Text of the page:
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Side of the Rhode: Who’s Hot and Who’s Not in RI Politics?

Friday, March 01, 2013


Every Friday, Dan Lawlor breaks down who's rising and who's falling in the world of Rhode Island politics. Check out who made the cut this week.

Who’s Hot

Providence Mayor Angel Taveras made this week's "Who's Hot?" list for his handling of the city's issues with Buck Consultants.

Angel Taveras -> Cheers to the Mayor for holding Buck Consultants, the city's contracted actuary, accountable for mistakes costing Providence at least $10 million dollars. As the city struggles with basic services and still-crumbling city schools, every penny counts. 

Justin Katz-> Kudos to blogger Katz for coining a new political term "Rhode-apathy." As Katz calls it, "Rhode-apathy is a mysterious mixture of resignation and affection. The Ocean State’s various assets — the geographic, historical, and cultural components of its high “quality of life” — have given the powers of corruption and incompetence room to impose a premium for living here." Now we need to do something about it. 

Senators Raptakis, Metts, and Pichardo-> Overdraft fees can gobble a decent chunk of a paycheck. This State Senate trio is hoping to use bill S 0305 to ban banks from charging overdraft fees in excess of the amount overspent. For people with tight budgets, this will make a difference. Let's hope it passes. 

Providence City Council-> The City Council recently passed a unanimous resolution in support of Marriage Equality. This is the second time the Council has done so. The State Senate should join the city council and the rest of New England in recognizing marriage equality. 

Senator Walter Felag -> The East Bay State Senator is proposing to reduce the gasoline tax by 5 cents to help RI gas stations stay competitive with those in Massachusetts- not a bad idea. As per lost revenue, the state needs to find a funding stream for RIPTA not dependent on tax revenue from people driving cars. 

Latino Policy Institute and Housing Works RI-> These groups have done great work bringing to light some sobering news: the jobless rate among RI Latinos is over 20% -20- and "nearly one in three Latinos spend more than half their monthly income on housing costs." These challenges impact the whole state and we need some creative problem-solving to turn this situation around. 

Who’s Not

Senate President Teresa Paiva Weed made this week's "Who's Not?" list for once again not scheduling a vote on same-sex marriage.

Gordon Fox -> Happily, the House agreed to prohibit starting debate on a bill after 10:30pm, but, at the same time, rejected a proposal to have bill changes available to the public at least 24 hours before a vote. Whether you're for eliminating the sales tax or raising the income tax, the House rules decide how things get done—and the process is murky, seemingly by design.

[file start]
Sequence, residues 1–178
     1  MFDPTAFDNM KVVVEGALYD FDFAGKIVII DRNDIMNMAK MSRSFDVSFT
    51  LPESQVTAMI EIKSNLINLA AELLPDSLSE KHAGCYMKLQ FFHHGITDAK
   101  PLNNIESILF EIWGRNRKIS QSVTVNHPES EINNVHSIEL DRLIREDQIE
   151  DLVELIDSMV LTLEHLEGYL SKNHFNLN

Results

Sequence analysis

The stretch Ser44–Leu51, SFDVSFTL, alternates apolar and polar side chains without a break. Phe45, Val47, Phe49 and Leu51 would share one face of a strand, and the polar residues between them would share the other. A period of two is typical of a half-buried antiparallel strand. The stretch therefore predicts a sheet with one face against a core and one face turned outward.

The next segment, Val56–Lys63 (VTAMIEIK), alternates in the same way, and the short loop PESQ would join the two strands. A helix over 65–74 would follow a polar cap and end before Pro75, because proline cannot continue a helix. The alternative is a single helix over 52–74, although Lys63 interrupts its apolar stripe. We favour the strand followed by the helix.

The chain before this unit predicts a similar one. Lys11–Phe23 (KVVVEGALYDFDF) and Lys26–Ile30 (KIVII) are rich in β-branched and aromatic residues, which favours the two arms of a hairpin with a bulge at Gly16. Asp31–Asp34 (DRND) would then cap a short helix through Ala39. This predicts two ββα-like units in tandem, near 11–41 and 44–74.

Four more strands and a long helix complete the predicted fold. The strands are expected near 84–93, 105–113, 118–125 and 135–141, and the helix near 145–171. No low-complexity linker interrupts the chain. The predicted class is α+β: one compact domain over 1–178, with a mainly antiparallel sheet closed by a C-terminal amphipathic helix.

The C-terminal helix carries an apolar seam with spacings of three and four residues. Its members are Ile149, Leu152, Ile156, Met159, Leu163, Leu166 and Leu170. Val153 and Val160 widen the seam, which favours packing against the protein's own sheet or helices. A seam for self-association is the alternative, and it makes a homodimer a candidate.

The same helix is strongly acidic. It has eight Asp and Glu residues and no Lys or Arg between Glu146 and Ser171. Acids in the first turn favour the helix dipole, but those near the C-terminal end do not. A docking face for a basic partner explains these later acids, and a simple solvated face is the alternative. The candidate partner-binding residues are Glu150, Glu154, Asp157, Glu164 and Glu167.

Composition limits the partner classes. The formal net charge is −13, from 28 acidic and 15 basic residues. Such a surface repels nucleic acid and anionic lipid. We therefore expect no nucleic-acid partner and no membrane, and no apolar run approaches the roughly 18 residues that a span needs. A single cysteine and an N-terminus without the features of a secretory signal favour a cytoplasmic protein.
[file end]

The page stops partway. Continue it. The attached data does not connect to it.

Economic Development Corporation-> This past week saw more resignations from the EDC board. As our unemployment rate sails high above our neighboring New England states, Rhode Islanders need a creative, effective strategy for economic growth. We clearly don't have one. 

Cranston City Council -> What does Providence City Council think of the Master Lever? Opposed. Narragansett Town Council? Opposed. Burrillville Town Council? Opposed. The Cranston City Council? They're in favor. Cranston should join the eight other city and town councils in the state who have gone on record opposed to the Master Lever to end voter confusion at the ballot box. 

Woonsocket -> Rhode Island's "City on the Move" is teetering on the edge of bankruptcy. Retirees were told this past week of a plan that freezes their pensions, residents were told of a supplemental tax increase, and unions were asked of concessions. This all happens alongside revelations that a parish priest in the city was involved with sexual molestation, albeit years ago. Woonsocket is suffering. 

Barrington's Community Opposed to Development (COD)-> COD, a Barrington neighborhood group spearheading opposition to a proposed 48 unit townhouse style affordable housing development, has collected over 500 signatures in opposition. There are many more important things to organize around in this state besides keeping out 48 people or families who need a decent place to live. 

Teresa Paiva-Weed -> Another week, another side-lining of marriage equality.


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